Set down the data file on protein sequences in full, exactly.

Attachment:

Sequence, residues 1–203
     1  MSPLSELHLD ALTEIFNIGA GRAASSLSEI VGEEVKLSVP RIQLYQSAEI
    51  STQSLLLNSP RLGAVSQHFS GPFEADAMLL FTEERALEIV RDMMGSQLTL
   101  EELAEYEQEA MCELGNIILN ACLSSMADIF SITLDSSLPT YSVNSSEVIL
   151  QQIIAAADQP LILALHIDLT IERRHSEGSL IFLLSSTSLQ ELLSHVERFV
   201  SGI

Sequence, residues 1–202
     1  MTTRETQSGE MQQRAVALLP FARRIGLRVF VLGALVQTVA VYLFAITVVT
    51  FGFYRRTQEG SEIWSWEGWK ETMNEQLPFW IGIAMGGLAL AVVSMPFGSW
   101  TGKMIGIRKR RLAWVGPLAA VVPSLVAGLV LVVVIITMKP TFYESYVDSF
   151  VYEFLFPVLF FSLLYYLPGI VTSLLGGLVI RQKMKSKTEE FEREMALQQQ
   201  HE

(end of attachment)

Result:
Sequence, residues 1–203
     1  MSPLSELHLD ALTEIFNIGA GRAASSLSEI VGEEVKLSVP RIQLYQSAEI
    51  STQSLLLNSP RLGAVSQHFS GPFEADAMLL FTEERALEIV RDMMGSQLTL
   101  EELAEYEQEA MCELGNIILN ACLSSMADIF SITLDSSLPT YSVNSSEVIL
   151  QQIIAAADQP LILALHIDLT IERRHSEGSL IFLLSSTSLQ ELLSHVERFV
   201  SGI

Sequence, residues 1–202
     1  MTTRETQSGE MQQRAVALLP FARRIGLRVF VLGALVQTVA VYLFAITVVT
    51  FGFYRRTQEG SEIWSWEGWK ETMNEQLPFW IGIAMGGLAL AVVSMPFGSW
   101  TGKMIGIRKR RLAWVGPLAA VVPSLVAGLV LVVVIITMKP TFYESYVDSF
   151  VYEFLFPVLF FSLLYYLPGI VTSLLGGLVI RQKMKSKTEE FEREMALQQQ
   201  HE